1 cup sour cream (225 grams or 8 ounces)
2 teaspoons instant yeast OR 1 package active dry yeast
1/2 cup lukewarm water
2 eggs
4 cups all purpose flour (560 grams or 19 2/3 ounces)*

* If you go to King Arthurs website for this recipe you will notice a discrepancy in the amount of flour used.  While most professionals use 140 grams or 5 ounces of all purpose or bread flour as the standard for 1 cup, they use 120 grams, which is technically 1 cup of sifted flour.  Since most recipes do not call for sifting the flour before measuring, I use the 140 grams or 5 ounces per cup measurement.  When I used their flour measurement of 480 grams or 16.84 ounces, the dough was runny.  When I added the additional 80 grams or 2 3/4 ounces of flour used in my measurement it worked.  I am a fan of King Arthur’s recipes but not the way they measure flour.  The only reason I mention this is to avoid confusion on your part in case you check out their recipe.

Cut the butter into pieces and place in a small saucepan along with the sugar and salt.  Heat until the butter is melted.  Remove from the heat and let it sit until it is lukewarm.  When it comes to temperature, add the sour cream.Sour cream added to butter mixture for Marvelous Variable Kolache

Whisk it into the butter mixture.Sour cream whisked in for Marvelous Variable Kolache

Add eggs and yeast Eggs and yeast added for Marvelous Variable KolacheWhisk them in.

Lastly, add the water and whisk it in.Water added for Marvelous Variable Kolache

Transfer to the bowl of a mixer.Transferred to mixer for Marvelouis Variable Kolache

Add the flour Flour addewd to Marvelous Variable Kolacheand, beat until it comes together.  Knead in the machine for 3 minutes, turning after about 1 1/2 minutes as the dough will adhere to the top of the dough hook and not get beaten.  The dough will be very soft and more of a batter.Dough finished for Marvelous Variable Kolache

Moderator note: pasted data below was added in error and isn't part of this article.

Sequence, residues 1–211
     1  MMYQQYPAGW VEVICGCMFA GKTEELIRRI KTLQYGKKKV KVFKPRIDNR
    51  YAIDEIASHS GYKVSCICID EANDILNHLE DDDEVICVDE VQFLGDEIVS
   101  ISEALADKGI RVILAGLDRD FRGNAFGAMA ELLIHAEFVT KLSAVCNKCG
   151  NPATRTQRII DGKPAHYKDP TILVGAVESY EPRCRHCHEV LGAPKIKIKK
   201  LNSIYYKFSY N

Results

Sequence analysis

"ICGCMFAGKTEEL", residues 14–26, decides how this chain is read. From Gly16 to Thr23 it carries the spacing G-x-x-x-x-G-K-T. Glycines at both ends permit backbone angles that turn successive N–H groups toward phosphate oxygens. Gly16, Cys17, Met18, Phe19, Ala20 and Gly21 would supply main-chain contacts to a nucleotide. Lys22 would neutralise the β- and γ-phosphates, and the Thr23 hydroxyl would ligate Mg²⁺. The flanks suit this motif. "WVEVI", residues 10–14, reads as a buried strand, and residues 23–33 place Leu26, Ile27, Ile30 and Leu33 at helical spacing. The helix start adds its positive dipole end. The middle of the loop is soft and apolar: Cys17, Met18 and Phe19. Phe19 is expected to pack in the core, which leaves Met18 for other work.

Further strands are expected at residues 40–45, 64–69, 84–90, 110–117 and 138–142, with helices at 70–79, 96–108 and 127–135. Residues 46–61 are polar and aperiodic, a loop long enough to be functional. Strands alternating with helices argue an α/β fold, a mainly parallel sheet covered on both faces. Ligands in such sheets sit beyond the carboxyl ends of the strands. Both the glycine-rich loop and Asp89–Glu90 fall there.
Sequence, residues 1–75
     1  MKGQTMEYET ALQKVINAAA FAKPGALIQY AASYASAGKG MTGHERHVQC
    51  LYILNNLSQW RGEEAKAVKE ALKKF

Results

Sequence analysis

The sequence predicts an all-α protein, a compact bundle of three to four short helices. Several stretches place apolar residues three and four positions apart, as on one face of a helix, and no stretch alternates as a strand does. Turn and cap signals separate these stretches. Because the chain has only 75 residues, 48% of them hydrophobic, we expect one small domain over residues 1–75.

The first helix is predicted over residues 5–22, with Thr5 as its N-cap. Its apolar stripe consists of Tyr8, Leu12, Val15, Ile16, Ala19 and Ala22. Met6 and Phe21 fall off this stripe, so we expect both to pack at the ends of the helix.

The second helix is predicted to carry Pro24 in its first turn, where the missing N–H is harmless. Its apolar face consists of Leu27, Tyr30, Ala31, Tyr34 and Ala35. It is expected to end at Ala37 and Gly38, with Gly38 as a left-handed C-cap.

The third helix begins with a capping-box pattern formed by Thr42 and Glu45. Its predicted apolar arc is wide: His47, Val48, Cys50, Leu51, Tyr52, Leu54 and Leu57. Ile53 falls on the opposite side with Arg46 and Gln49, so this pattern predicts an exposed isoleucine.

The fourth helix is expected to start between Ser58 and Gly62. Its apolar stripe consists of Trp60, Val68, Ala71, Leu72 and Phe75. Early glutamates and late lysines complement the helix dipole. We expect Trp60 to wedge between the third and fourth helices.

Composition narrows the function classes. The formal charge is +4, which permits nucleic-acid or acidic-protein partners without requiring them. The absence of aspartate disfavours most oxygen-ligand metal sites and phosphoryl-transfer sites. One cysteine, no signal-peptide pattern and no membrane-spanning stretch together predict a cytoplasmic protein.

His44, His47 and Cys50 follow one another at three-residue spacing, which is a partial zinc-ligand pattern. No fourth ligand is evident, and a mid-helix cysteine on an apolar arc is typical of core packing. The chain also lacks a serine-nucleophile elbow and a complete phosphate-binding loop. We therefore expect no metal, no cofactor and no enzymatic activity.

Place it in a greased bowl or container, cover with plastic wrap and mark the time on it.  Allow it to rise until doubled, about 2 1/2 hours.  It is a slow riser due to the large amount of butter.Dough risen for Marvelous Variable Kolache

After it has risen, punch it down, re-cover it and refrigerate overnight so the butter can firm up.  It will probably rise again in the refrigerator and that is fine. Some Kolache recipes recommend 5 risings which I find a bit much.

Yield:  1175 grams or about 41 1/4 ounces

Shaping and Assembly
Refrigerated dough
1 egg, well beaten
Fillings
Crumb Topping if using

Line several baking sheets with parchment.  Set aside.

Punch the dough down if risen and divide the dough in half (585 grams each or 20 1/2 ounces).  Shape each piece into a rectangle.  Wrap each piece in plastic wrap and refrigerate for 10 to 15 minutes.Dough divided and shaped for Marvelous Variable Kolache

Remove one piece of dough from the refrigerator and roll it out so it is 1/2 inch thick.  The dough will be very firm.  It is easiest to roll is to press down with your rolling pin in 3 or 4 times.Rolling dough or marvelous Varialbe Kolache

Press down in the opposite direction 3 or 4 times again.Rolling dough for Marvelous Variable Kolahe

Then roll out in the normal manner until 1/2 inch thick.

With a 3″ plain cookie cutter (or whatever size you want) cut out rounds and place them on the parchment about 1 inch apart.  Repeat with the second piece of dough.  Reroll and cut additional rounds.Cut out on tray for Marvelous Variable Kolache

Cover them with tea towels and allow to rise until almost doubled.

Preheat the oven to 375°F.

With your fingers, make a deep well in the rounds about 1/2 inches in from the edge of the dough but do not go through the dough.  Start by making a hole in the center.Hole in dough for Marvelous Variable Kolache

Expand the well by pressing the dough down.Single well for Marvelous Variable KiolacheWells made for Marvelous Variable Kolache

Brush the top edges of the Kolache with the beaten egg.